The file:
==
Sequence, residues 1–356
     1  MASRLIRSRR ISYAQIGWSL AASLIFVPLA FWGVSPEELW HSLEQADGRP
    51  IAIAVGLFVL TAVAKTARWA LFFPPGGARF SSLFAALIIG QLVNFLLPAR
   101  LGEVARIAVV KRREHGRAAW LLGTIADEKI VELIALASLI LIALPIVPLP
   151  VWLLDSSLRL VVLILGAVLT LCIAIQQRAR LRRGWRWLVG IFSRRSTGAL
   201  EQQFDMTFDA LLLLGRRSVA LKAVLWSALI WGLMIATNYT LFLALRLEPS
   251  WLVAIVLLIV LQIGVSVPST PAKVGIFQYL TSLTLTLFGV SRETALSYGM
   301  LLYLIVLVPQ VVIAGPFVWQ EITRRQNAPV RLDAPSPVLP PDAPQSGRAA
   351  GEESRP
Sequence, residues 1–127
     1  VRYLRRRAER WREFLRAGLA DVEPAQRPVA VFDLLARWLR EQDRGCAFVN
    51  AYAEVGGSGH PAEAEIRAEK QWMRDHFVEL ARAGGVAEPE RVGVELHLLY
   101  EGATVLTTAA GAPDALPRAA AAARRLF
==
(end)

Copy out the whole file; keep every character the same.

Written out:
Sequence, residues 1–356
     1  MASRLIRSRR ISYAQIGWSL AASLIFVPLA FWGVSPEELW HSLEQADGRP
    51  IAIAVGLFVL TAVAKTARWA LFFPPGGARF SSLFAALIIG QLVNFLLPAR
   101  LGEVARIAVV KRREHGRAAW LLGTIADEKI VELIALASLI LIALPIVPLP
   151  VWLLDSSLRL VVLILGAVLT LCIAIQQRAR LRRGWRWLVG IFSRRSTGAL
   201  EQQFDMTFDA LLLLGRRSVA LKAVLWSALI WGLMIATNYT LFLALRLEPS
   251  WLVAIVLLIV LQIGVSVPST PAKVGIFQYL TSLTLTLFGV SRETALSYGM
   301  LLYLIVLVPQ VVIAGPFVWQ EITRRQNAPV RLDAPSPVLP PDAPQSGRAA
   351  GEESRP
Sequence, residues 1–127
     1  VRYLRRRAER WREFLRAGLA DVEPAQRPVA VFDLLARWLR EQDRGCAFVN
    51  AYAEVGGSGH PAEAEIRAEK QWMRDHFVEL ARAGGVAEPE RVGVELHLLY
   101  EGATVLTTAA GAPDALPRAA AAARRLF